The data collected in a MapCoast inventory fully compliment and build on each other, and each provide unique insights into shallow coastal ecosystems. For example, bathymetry and aerial imagery is used to delineate shallow water landscapes and determine sampling locations, sonar and SPI images are used to determine the surface composition and condition of benthic habitats, and core and auger samples provide subsurface data including grain size and organic matter content. In addition, lab samples are collected using coring devices and the physical (color, grain size, color, % gravel, % shells and magnetic potential) and chemical (salinity, pH, organic carbon, and metal content) parameters are measured. By collecting data at various scales (landscape to lab), the products provide a suite of information that taken together provide a resource inventory that is a complete and accurate description of shallow water habitats.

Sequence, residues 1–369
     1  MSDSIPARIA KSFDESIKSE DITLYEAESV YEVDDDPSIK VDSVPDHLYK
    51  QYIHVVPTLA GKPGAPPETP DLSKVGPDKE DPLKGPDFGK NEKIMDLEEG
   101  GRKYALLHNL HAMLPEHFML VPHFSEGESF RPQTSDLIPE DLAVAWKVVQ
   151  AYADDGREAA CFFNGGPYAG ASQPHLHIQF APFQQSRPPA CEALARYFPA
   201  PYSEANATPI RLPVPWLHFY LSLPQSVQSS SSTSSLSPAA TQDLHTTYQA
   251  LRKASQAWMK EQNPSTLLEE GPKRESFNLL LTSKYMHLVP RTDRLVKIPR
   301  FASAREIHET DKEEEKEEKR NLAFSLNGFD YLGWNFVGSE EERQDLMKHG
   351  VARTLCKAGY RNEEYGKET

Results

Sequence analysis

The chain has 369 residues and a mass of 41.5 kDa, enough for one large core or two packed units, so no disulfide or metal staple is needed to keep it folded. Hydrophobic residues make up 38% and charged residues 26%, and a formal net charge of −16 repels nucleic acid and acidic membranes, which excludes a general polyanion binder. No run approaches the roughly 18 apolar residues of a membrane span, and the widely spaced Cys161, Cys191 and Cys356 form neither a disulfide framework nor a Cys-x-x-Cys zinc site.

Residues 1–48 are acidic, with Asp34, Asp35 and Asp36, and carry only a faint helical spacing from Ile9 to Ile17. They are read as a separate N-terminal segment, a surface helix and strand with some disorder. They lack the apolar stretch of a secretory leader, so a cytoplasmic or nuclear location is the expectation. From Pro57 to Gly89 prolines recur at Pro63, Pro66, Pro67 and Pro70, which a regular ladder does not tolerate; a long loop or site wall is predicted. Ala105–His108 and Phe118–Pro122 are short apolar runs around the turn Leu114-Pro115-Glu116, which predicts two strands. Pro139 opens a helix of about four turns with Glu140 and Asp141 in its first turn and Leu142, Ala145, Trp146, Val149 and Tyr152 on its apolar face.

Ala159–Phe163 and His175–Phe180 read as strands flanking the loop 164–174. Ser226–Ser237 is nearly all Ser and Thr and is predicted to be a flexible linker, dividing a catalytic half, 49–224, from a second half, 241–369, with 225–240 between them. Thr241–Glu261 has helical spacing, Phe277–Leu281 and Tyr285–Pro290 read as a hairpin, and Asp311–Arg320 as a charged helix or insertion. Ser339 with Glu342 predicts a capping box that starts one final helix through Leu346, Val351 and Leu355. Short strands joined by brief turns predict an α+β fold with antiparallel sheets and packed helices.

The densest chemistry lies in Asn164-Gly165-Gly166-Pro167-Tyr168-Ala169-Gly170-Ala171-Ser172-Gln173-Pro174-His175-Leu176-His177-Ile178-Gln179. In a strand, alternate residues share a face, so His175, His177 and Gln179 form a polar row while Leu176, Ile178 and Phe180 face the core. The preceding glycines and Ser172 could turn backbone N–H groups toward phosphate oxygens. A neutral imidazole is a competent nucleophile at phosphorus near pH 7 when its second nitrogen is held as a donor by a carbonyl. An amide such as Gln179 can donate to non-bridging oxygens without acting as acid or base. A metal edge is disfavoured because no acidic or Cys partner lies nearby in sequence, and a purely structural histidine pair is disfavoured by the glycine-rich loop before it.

One goal of the MapCoast project is to integrate these data layers into one GIS dataset that incorporates all of the critical information found in these datasets. The synthesis of these data layers is ongoing; and in addition, MapCoast is working with NOAA for contributions to the Coastal and Marine Ecological Classification System for use in classifying MapCoast mapping units.